"They were marketing to kids," said Amanda Susskind, the ADL's Pacific Southwest regional director. "And people didn't realize they were signing up for an evangelical experience."
"Rage" was outed by the ADL in November 2002 and the ministry discontinued the program just before it hit Los Angeles on Jan. 4, 2003.
The ADL said the Los Angeles Unified School District and other districts around Los Angeles County have programs in place to deal with the threat posed by organized evangelism on campus. "It's not really so much of a problem here," Susskind said.
Kravitz, who disagrees with ADL's threat assessment, said his organization conducted a survey of 266 local Hebrew and day school students and found 69 percent of respondents have been approached by someone trying to convert them to another religion.
"It doesn't have to be missionaries standing on street corners handing out brochures," Kravitz said.
Rebecca Litt, a ninth-grader at Wayzata High School in Plymouth, Minn., didn't know what to say when her Christian classmates who saw "The Passion" confronted her about her faith.
"You could feel the tension," she told The Journal. "I can't just sit there and say, 'I believe in God.' That's not enough for them."
Shimon Cagan, an adult volunteer for National Conference of Synagogue Youth who works to establish Jewish Student Union chapters in area public high schools, said that the release of "The Passion" has changed the mood on campus.
He said that in the weeks leading up to the film's release Jewish students expressed concern about anti-Semitism. Since the controversy has quieted down, the students are more relaxed, but "at the same time they still feel that maybe not now, but in the future, this movie will have a roll to play in something that wouldn't be so good for the Jews," he said.
Jews for Jesus' Los Angeles office is currently distributing two cartoon-illustrated pamphlets that build on the popularity of "The Passion." Both are written in language clearly geared toward youth.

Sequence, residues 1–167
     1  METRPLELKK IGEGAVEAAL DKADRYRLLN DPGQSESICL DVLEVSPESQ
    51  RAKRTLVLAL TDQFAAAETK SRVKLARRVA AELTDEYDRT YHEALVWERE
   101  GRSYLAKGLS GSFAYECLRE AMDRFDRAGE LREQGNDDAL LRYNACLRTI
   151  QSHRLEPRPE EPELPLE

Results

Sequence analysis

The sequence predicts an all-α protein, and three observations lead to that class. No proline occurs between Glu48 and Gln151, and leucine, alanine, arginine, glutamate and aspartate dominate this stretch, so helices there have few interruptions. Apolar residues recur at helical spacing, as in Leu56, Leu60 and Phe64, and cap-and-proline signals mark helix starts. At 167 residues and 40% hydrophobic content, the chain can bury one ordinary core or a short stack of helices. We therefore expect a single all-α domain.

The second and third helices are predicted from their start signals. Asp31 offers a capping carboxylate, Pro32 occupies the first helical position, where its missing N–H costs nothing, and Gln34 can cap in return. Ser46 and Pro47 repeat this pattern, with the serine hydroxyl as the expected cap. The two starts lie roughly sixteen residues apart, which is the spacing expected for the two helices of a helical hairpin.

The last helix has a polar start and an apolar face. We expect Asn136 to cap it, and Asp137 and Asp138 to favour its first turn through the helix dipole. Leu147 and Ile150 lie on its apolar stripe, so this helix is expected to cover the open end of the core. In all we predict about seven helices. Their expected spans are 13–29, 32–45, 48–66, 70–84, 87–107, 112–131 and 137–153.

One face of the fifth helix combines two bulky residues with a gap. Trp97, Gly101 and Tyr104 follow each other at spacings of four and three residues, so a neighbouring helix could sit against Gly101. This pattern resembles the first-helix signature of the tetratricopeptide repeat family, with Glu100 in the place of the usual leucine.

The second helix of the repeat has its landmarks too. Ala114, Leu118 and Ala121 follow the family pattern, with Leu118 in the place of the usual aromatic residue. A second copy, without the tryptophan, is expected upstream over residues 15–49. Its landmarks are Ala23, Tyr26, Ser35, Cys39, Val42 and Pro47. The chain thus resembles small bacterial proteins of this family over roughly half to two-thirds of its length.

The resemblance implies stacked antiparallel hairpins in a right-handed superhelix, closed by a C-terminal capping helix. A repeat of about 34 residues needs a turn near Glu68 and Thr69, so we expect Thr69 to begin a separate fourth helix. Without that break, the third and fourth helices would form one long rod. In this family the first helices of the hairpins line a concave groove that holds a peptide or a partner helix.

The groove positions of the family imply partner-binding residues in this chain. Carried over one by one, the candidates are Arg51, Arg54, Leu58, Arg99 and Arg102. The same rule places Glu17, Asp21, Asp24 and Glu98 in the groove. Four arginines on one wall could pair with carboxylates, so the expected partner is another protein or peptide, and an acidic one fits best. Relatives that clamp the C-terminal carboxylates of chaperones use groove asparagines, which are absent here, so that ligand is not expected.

Jews for Jesus says that it does not do outreach to minors.
"It's not like we're standing outside of Beverly Hills High School preying on kids," said Tuvya Zaretsky, who heads up Jews for Jesus' Los Angeles office.
But Noah Mendelsohn, a 16-year-old Shalhevet student, said he was visiting UCLA with his brother when he was approached by a Jews for Jesus representative.
"He saw that my brother was wearing a kippah and I was walking with him," he said. "He was trying to get our attention, but we just walked away."
Mendelsohn's reaction is not unusual. Based on Jews for Judaism's survey, 46 percent of students did nothing in response to being approached. In addition, 34 percent spoke to a parent and 10 percent of students talked with peers, compared with 6 percent who talked with a teacher and 4 percent who approached a rabbi.
Jews for Judaism acknowledges that its survey sample is small, but organizers expect similar results when they hire an independent agency to conduct a more professional survey of Jewish students.
While the scope of the organization's summit does not include an outreach to public schools, Jews for Judaism hopes Hebrew school instructors will be able to pass on what they've learned to their students who attend public schools. Once those students are educated, Kavitz said, they can look out for follow Jewish students who are unaffiliated.
"We need to empower as many students as possible ... so that maybe they can help someone else," he said.
Jews for Judaism's Educators' Summit "They Get Them -- Why Can't We?" will be held at the Luxe Hotel Bel Air, 11461 Sunset Blvd., Los Angeles. Sunday, March 21, 8:30 a.m.-4:30 p.m. For more information, call (310) 556-3344 or visit www.jewsforjudaism.org .